This morning, Jimmie had an appointment with his primary care physician, a soft spoken man we had met about a year ago at Good Samaritan when Jimmie had bad bronchitis. It’s hard to imagine going to the doctor when you are not sick, but when you get to the age Jimmie is, they want to see you every 3 months or so to make sure you are still going strong. Jimmie’s doctor reminds me of my childhood doctor in Pennsylvania, Doc McKelvey, who’s manner was kind and unrushed. When we first walked in today, he asked,

How are you doing?

I chose the moment to brag a bit on Jimmie’s behalf.

He’s rehearsing a play. He opens at the Kirk Douglas Theatre the end of April. He’s in an ash bin.

I reached for the script to show Doc C. what we meant by ash bins. His eyes widened a little more and he looked at me like I had told him I had just stuffed Jimmie into an ash bin.  We explained further. Samuel Beckett, “Endgame.”

Dr. C sat down in his chair and begin to quiz Jimmie about the preparation for the role. When had he started learning his lines? How much rehearsal did he  have? How long did it take to put something “like that” together? He said something about Jimmie’s optimism and I shared the fact that three of the four actors were over 88. I think we might be selling some tickets here.

Anyway, we left there and returned home where I paid the taxes, mailed my Dad’s birthday present, and checked on some prescriptions before driving Jimmie to Culver City. I decided I’d knock out the errands I had before picking him back up.

What does one do on a day off? Repaired a few watches. While those were getting repaired, visited Nordstrom’s Rack, where I found some cute tops, then stopped by Babies ‘R Us, first calling our son to determine the proper size of garments. On the way back to the Kirk Douglas, I stopped at my favorite place in Culver City – Orchid Fever, a low-slung non-descript building filled with the most gorgeous displays of orchids.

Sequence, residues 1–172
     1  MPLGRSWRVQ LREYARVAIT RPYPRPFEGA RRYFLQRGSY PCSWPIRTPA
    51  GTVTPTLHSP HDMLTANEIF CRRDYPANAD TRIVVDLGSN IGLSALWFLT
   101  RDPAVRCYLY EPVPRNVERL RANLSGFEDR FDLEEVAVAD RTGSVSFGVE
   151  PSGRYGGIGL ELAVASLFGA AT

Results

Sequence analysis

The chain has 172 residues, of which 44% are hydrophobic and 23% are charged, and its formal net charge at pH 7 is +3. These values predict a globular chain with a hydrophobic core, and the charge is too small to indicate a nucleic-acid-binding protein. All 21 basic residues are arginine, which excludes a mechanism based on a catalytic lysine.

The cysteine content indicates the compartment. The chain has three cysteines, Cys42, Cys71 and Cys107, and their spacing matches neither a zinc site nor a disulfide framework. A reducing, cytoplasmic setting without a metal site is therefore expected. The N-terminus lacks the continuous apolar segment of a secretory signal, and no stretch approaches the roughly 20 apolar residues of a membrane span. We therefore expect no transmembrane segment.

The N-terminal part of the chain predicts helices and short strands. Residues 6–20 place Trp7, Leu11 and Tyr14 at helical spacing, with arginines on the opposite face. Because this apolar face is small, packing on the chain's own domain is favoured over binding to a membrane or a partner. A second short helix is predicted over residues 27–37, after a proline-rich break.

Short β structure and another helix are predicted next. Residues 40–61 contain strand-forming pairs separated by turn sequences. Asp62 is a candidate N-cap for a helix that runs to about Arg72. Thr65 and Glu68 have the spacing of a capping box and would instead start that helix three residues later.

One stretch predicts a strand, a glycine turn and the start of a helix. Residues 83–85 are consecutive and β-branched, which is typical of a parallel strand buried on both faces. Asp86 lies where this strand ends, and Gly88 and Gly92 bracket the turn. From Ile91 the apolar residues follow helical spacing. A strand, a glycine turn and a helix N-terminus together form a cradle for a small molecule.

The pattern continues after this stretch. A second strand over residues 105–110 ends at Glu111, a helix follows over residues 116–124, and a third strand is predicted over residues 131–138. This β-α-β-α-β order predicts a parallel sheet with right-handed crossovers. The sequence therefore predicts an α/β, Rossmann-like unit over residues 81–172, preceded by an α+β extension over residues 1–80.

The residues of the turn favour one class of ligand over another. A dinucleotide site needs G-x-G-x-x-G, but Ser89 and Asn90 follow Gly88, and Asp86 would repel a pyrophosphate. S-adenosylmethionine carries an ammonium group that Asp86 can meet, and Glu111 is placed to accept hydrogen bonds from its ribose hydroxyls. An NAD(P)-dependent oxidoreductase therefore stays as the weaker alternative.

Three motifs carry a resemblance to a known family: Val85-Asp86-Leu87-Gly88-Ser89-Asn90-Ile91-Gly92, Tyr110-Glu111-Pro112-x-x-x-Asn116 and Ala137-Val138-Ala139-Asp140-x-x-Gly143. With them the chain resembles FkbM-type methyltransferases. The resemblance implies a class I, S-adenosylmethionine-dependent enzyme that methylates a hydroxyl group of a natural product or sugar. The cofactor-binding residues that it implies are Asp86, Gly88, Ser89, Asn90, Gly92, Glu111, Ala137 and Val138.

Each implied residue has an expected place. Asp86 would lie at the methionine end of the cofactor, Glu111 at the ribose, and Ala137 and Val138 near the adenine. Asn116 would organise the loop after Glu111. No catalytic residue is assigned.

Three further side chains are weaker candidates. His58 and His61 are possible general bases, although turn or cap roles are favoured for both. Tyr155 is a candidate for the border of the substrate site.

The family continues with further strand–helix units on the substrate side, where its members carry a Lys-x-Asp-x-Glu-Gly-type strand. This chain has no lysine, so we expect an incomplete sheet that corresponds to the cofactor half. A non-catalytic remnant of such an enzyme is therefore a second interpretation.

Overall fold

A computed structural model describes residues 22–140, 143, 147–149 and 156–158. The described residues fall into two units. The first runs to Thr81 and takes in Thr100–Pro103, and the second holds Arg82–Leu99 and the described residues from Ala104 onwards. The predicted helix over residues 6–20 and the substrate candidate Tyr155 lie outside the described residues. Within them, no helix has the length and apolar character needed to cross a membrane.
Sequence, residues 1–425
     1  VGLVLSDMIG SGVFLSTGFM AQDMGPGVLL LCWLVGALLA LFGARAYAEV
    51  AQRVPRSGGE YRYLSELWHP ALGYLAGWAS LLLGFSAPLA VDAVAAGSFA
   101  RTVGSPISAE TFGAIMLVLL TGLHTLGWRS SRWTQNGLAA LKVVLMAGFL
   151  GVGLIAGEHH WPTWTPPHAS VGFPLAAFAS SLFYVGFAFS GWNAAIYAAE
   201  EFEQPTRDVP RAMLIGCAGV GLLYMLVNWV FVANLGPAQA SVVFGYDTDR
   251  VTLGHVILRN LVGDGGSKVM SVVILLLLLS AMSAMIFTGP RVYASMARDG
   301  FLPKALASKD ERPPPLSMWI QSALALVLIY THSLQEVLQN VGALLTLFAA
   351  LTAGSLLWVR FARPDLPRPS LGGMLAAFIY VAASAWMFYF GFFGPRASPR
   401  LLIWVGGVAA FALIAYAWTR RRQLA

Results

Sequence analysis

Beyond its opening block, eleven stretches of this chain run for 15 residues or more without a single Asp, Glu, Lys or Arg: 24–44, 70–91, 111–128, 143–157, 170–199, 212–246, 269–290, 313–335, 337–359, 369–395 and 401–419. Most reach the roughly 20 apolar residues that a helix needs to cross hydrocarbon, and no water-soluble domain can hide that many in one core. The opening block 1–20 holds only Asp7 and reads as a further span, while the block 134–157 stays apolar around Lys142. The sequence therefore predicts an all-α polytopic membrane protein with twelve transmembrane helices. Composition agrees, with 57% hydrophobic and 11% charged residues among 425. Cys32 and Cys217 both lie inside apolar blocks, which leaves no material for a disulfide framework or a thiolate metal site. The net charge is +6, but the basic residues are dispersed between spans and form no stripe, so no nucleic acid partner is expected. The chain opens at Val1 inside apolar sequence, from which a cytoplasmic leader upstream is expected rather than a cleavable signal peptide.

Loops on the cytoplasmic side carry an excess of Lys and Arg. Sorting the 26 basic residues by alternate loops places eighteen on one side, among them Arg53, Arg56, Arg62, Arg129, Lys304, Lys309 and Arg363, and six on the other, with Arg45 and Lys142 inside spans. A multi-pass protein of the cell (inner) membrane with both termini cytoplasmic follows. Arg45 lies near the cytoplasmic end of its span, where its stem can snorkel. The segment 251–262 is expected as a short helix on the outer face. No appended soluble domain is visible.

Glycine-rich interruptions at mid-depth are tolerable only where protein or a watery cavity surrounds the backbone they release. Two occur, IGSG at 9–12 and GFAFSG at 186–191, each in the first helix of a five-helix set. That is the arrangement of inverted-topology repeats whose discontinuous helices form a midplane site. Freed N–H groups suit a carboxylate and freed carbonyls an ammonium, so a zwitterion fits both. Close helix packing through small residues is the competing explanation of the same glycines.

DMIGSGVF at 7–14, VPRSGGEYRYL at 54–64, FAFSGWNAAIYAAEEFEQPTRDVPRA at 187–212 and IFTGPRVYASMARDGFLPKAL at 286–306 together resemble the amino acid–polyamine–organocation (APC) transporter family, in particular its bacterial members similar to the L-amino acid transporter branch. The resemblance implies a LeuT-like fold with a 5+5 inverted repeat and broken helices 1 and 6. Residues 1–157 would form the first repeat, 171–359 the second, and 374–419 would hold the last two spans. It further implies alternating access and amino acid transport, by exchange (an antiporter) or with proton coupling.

Having blown my budget on fun things to do, I texted Susie Walsh, the stage manager for “Endgame.”

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I waited in the hall until Susie poked her head out  and invited me to come sit at the SM table. Jimmie and Charlotte Rae were in their rehearsal barrels, having just finished their scene together. Alan was giving them notes and I gathered that things had gone quite well.

Alan came over to say hi, and I got to meet Barry McGovern for the first time. Alan and Barry stood together in front of the table and discussed the fact that today was Samuel Beckett’s birthday, April 13, 1906. He’d have been 110 today.

I can’t think of a better way to celebrate Mr. Beckett’s birthday than to watch Kobe Bryant score 61 points to win his final game. Cheered to the finish line by the likes of Jack Nicholson, Shaquille O’Neal and Magic Johnson and even me, no longer pretending to watch, but genuinely involved in the theatricality of the event. That was quite an Endgame.

Meanwhile there are some very happy actors in barrels at the Kirk Douglas. We will get to see their Endgame soon.

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James Greene in his rehearsal barrel. Doesn’t look uncomfortable, right? He looks happy as a clam.